Chennai: The Madras high court on Monday quashed the criminal proceedings against popular film star Dhanush and Aishwarya Rajinikanth that was pending before a magistrate court in the city, for allegedly showing banners of the Tamil film Velaiyilla Pattadhari, carrying a picture of Dhanush prominently smoking a cigarette.
Justice N Anand Venkatesh allowed the petitions filed by Dhanush, Aiswarya and 3 others. Originally, on a private complaint filed by one S Cyril Alexander, the proceedings were initiated against Dhanush and Aishwarya.
In his order, the judge said in the instant case, the only allegation that has been made in the complaint is that the advertisement banners of the movie were found to carry the picture of the lead actor prominently smoking a cigarette.
This act, per se, cannot be brought within the purview of Section 5 of the Cigarettes and other Tobacco products (prohibition of Advertisement and Regulation of Trade and Commerce, production, supply and distribution) Act (COPTA) since the display was not done by persons engaged in the production, supply or distribution of cigarettes or any other tobacco products, the judge said.
The person who is depicted as smoking cigarette was not under any contract with the entity or the person engaged in production, supply or distribution of cigarettes or any other tobacco products nor he was promoting their product, the judge added.
The judge said a penal statute has to be strictly construed since the consequence of an action taken under the statute will touch upon the life or personal liberty guaranteed under Article 21 of the Constitution of India.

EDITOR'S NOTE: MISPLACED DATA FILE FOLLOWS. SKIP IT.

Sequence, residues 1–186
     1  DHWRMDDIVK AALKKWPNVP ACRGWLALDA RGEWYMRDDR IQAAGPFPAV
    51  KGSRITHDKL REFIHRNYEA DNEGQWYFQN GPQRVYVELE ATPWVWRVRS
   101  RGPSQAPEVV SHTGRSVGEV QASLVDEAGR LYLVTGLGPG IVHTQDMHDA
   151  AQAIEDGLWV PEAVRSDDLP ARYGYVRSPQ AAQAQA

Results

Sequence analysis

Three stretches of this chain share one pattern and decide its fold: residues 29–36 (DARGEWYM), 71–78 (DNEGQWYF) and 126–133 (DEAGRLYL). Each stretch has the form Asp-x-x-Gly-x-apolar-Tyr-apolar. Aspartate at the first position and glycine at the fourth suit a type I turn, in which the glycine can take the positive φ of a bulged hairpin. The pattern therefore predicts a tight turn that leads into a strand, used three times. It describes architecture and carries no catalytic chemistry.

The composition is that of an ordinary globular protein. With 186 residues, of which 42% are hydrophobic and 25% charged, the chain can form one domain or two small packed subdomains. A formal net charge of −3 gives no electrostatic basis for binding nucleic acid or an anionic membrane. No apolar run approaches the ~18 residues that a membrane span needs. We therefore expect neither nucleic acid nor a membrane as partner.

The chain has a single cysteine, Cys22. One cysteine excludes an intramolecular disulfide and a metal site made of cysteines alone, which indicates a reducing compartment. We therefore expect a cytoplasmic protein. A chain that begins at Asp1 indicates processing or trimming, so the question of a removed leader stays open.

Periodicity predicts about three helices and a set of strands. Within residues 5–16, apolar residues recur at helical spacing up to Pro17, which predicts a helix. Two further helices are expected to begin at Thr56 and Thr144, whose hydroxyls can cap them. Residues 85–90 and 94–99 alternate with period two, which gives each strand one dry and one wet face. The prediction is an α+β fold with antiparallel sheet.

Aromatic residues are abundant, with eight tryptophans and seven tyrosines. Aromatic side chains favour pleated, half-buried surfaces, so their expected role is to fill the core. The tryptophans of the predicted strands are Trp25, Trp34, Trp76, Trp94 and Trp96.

"Hence, this court cannot be swayed by emotions and popular beliefs and the court has to necessarily construe the provisions strictly and see if the facts of the case make out an offence. If the facts do not constitute an offence, the court cannot try to expand the scope of the provision by considering the adverse impact that a tobacco or tobacco product can have on the society and particularly the younger generation," the judge added.
The judge said the complainant seemed to have been under the impression that since the producers and the distributors of the movie were engaged in erecting the banners/posters with the lead actor shown to have been smoking, the same would constitute an offence under Section 5 of the COTPA.
The producers and the distributors in the present case were engaged in movie business and were not engaged in the business of cigarettes or other tobacco products. This vital distinction between what has been stated in the provision and what comes out of the allegations made in the complaint makes all the difference.
"In the light of the above discussions, the continuation of the criminal proceedings as against the accused persons will amount to an abuse of process of court, and hence, it requires interference of this court," the judge added and quashed the proceedings.